So yes, if you take Orac’s trolling and his blogs seriously, you are likely to believe that 99.9% of all doctors and scientists are enthusiastically onboard with the mainstream vaccine paradigm, because you have automatically excluded all those who Orac and others like him are afraid of and try really hard to discredit and silence.

There’s that pesky cognitive dissonance rearing its ugly head again.

There are a couple of points that need to be addressed:

  • An internet troll is defined by someone who  “sows discord on the Internet by starting arguments or upsetting people, by posting inflammatory, extraneous, or off-topic messages in an online community with the deliberate intent of provoking readers into an emotional response or of otherwise disrupting normal on-topic discussion, often for their own amusement.” I don’t do this for my own amusement (other than to mock stupidity, like di Iorio’s). I attack the anti-vaccine religion because of their lies, misinformation, science denial and ignorance cause harm to children. That’s it. I’m sure my sock-puppets, Orac and Gorski, do the same. We stand up to the anti-vaccine trolls, because they are trolls.
  • Oh, and cognitive dissonance? You keep using those words di Iorio…I don’t think it means what you think it means.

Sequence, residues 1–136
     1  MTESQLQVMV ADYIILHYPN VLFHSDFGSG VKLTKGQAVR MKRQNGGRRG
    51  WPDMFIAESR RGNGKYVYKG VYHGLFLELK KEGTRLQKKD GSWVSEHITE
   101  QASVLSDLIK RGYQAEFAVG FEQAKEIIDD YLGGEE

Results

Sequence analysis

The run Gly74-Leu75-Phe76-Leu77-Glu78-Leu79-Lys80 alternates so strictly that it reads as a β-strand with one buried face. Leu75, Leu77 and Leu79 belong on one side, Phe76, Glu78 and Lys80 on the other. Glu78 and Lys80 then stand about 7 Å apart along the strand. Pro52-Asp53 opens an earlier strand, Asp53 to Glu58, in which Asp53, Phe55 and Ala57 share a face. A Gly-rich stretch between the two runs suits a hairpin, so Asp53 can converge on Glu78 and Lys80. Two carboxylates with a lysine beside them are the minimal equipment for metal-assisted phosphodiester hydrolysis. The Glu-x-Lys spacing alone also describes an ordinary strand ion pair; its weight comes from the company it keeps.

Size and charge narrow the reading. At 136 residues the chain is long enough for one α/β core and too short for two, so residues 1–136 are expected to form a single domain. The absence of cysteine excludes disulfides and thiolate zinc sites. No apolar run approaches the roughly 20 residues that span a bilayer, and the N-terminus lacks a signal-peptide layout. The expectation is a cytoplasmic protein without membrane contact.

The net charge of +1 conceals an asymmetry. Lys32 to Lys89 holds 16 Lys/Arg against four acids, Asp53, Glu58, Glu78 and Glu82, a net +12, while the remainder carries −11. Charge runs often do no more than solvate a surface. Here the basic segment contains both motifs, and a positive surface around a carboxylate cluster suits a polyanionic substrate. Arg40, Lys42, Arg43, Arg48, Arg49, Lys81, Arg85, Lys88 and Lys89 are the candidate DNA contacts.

I had fun with this. Now let me read some more of di Iorio’s trolling blogs on vaccines. He’s apparently got a few, one where he thinks that Trump and Carson actually know anything about vaccines. That should be worth a laugh or two.

Oh, and di Iorio? Yeah you, trolling this blog. There’s no debate about vaccines, except in your simple mind. The science regarding the safety and effectiveness of vaccines is settled. ¿Lo entiendes?

By the way, I think I got that merit badge. Maybe Orac will pin it on me. He’s a surgeon, so I’ve got to believe he won’t hurt me too badly.


This article was originally published in November 2015. It’s been updated to remove some dead links, update the formatting, and fix some spelling and grammatical errors. The usual stuff. Also, the old dinosaur will be linking to this article a few times in the next couple of weeks, so it’s good to clean it up. And this was written back when I was amused by the anti-vaxxer trolls. Now, my sense of humor about the anti-vaccine terrorists has nearly disappeared.